person sticking an AutoZone reminder sticker on the windshield

12. Set Maintenance Reminder

Reset the oil maintenance reminder and put an AutoZone sticker on the windshield. These will help remind you when it’s time for another oil change. Instructions for resetting the dashboard indicator will be in your owner’s manual. Reference your owner’s manual or the oil jug for recommended change intervals. Write the expected date and/or mileage for the next change on the sticker.

13. Recycle Your Oil

It’s important to always dispose of automotive fluids properly. Transfer the used motor oil into a container that can be closed, and bring it to an AutoZone or a recycling facility. It’s a good idea to call ahead and make sure they can recycle your oil. You can even pick up new oil and a filter so you’ll be ready next time your oil service interval comes up.

Learn more about recycling motor oil.

After you’ve finished your DIY oil change and made sure that everything is back together, it’s wise to go for a quick drive to make sure the car is running right(and maybe to recycle your oil at an AutoZone). You can get the parts you need at your local AutoZone Store. If the job is too big for you, seek out one of our Preferred Shops to help you do the job.

Oil Change FAQs

My car says change the oil every 7500 miles for normal driving. Should I follow this or the 3,000-5,000 mile interval recommended earlier?

You can change the oil based on the vehicle manufacturer’s recommendations and never go wrong. However, be sure to differentiate between normal vs. severe driving conditions. Who would have thought Grandma’s 20-year-old car with 18k miles was driven in severe conditions? But it was due to short trips. So be sure you are not in the severe category. The sever driving category will reduce the mileage interval. Driving in stop-and-go traffic, extensive engine idling, taking multiple short tips averaging 5 to 10 miles in length, and driving in extremely hot or cold temperatures are all examples that could be considered severe driving. Understanding and following these guidelines will save you money in the long run and keep your car dependable.

What about the Oil Filter? Is the life expectancy the same for every oil filter and does it matter?

Always use a new oil filter that is designed to last the life of the oil you are purchasing. AutoZone has great prices for many major oil and filter brands. Other brands with lower time or mileage range can be used but will need to be changed earlier if lower than the oil’s range.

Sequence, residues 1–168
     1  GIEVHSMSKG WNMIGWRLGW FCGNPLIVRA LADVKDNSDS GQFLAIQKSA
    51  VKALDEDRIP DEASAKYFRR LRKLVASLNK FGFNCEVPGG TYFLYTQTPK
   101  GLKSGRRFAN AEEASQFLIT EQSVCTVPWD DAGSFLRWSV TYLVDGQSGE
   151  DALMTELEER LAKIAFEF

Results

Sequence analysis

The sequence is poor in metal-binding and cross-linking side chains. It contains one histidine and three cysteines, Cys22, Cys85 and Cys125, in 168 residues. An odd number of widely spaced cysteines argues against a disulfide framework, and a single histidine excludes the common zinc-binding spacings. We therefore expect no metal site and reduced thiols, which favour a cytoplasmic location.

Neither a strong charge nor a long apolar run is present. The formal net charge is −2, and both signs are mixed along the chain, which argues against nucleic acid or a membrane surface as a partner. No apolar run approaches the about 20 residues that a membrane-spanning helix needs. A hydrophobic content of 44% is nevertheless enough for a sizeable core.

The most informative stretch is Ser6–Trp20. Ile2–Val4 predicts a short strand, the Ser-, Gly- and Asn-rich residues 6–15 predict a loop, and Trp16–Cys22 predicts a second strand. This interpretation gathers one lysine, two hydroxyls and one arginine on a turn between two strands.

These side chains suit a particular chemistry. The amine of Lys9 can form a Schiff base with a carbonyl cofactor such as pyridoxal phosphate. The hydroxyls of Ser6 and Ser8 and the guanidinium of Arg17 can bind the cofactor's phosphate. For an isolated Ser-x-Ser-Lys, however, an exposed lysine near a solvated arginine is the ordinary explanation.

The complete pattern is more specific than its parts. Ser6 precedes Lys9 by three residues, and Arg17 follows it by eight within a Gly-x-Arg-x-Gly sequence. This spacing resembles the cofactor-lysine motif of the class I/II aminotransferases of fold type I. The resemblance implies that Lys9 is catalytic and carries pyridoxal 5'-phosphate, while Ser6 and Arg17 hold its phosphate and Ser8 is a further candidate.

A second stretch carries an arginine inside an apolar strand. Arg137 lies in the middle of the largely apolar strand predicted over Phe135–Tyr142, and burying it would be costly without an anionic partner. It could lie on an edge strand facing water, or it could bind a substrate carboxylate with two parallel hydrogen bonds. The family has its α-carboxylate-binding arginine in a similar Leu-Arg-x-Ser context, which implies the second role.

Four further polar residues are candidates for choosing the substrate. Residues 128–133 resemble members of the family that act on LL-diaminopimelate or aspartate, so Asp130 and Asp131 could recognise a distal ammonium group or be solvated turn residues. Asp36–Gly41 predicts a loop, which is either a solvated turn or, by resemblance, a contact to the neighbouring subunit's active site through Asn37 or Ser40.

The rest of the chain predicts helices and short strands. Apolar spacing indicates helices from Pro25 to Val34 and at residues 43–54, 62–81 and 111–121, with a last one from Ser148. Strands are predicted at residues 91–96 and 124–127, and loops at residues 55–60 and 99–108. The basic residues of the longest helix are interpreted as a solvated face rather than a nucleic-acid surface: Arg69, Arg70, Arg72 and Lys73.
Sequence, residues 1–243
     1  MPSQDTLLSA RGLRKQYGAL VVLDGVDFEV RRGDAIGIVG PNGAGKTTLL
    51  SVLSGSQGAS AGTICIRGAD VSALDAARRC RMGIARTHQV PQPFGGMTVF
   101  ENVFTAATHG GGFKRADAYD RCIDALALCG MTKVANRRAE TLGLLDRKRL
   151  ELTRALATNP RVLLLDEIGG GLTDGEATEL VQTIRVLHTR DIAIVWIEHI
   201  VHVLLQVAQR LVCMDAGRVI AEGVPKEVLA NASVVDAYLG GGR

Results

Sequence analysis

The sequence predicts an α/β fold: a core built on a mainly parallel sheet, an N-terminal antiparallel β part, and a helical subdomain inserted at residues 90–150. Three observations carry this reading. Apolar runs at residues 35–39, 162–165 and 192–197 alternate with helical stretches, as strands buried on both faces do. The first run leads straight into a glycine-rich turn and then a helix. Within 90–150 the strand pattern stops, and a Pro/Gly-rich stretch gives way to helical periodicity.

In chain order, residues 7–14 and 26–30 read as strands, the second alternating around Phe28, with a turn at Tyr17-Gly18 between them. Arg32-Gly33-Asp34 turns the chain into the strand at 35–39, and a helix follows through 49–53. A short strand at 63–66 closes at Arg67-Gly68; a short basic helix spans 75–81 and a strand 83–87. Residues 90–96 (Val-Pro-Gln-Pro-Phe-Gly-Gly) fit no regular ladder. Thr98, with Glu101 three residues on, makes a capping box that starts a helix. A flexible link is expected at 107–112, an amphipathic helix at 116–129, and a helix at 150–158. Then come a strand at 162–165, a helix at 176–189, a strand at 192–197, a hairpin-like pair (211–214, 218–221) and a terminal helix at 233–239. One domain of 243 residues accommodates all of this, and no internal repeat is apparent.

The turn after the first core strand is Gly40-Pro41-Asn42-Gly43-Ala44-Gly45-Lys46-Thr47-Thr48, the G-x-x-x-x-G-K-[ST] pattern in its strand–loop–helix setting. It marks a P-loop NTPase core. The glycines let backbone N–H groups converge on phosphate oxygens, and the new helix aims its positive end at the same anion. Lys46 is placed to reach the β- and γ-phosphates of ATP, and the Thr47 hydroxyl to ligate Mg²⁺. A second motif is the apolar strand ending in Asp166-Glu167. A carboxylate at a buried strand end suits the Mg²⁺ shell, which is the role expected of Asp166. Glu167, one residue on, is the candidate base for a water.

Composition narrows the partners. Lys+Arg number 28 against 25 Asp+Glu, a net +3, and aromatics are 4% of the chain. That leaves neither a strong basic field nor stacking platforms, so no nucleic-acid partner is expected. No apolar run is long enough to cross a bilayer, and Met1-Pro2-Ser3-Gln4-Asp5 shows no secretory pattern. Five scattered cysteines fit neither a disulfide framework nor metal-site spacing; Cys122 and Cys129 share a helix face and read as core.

What are Oil Additives?

Engine Oil additives like brands STP or MOLI are “helpers” to the engine and oil by reducing breakdown of chemicals and all the building blocks that exist inside the oil. These type of oil additives reduce friction, heat, wear and tear. Many are even designed to slow and stop oil leaks. Other Engine and/or Fuel additives can be used to “clean” and “decarbonize” your engine. Carbon and varnish reduce performance. Carbon robs the fuel mixture spray by “absorbing” fuel molecules. The fuel mixture becomes leaner which increases cylinder and combustion temperatures. This can cause spark knock, reduce the engine’s power, decrease the fuel mileage and could increase harmful emissions.

Advice, how-to guides, and car care information featured on and AutoZone Advice & How-To’s are presented as helpful resources for general maintenance and automotive repairs from a general perspective only and should be used at your own risk. Information is accurate and true to the best of AutoZone’s knowledge, however, there may be omissions, errors or mistakes.

Be sure to consult your owner’s manual, a repair guide, an AutoZoner at a store near you, or a licensed, professional mechanic for vehicle-specific repair information. Refer to the service manual for specific diagnostic, repair and tool information for your particular vehicle. Always chock your wheels prior to lifting a vehicle. Always disconnect the negative battery cable before servicing an electrical application on the vehicle to protect its electrical circuits in the event that a wire is accidentally pierced or grounded. Use caution when working with automotive batteries. Sulfuric acid is caustic and can burn clothing and skin or cause blindness. Always wear gloves and safety glasses and other personal protection equipment, and work in a well-ventilated area. Should electrolyte get on your body or clothing, neutralize it immediately with a solution of baking soda and water. Do not wear ties or loose clothing when working on your vehicle.

FREE Loan-A-Tool® program requires returnable deposit. Please note that the tool that you receive after placing an online order may be in a used but operable condition due to the nature of the Loan-A-Tool® program.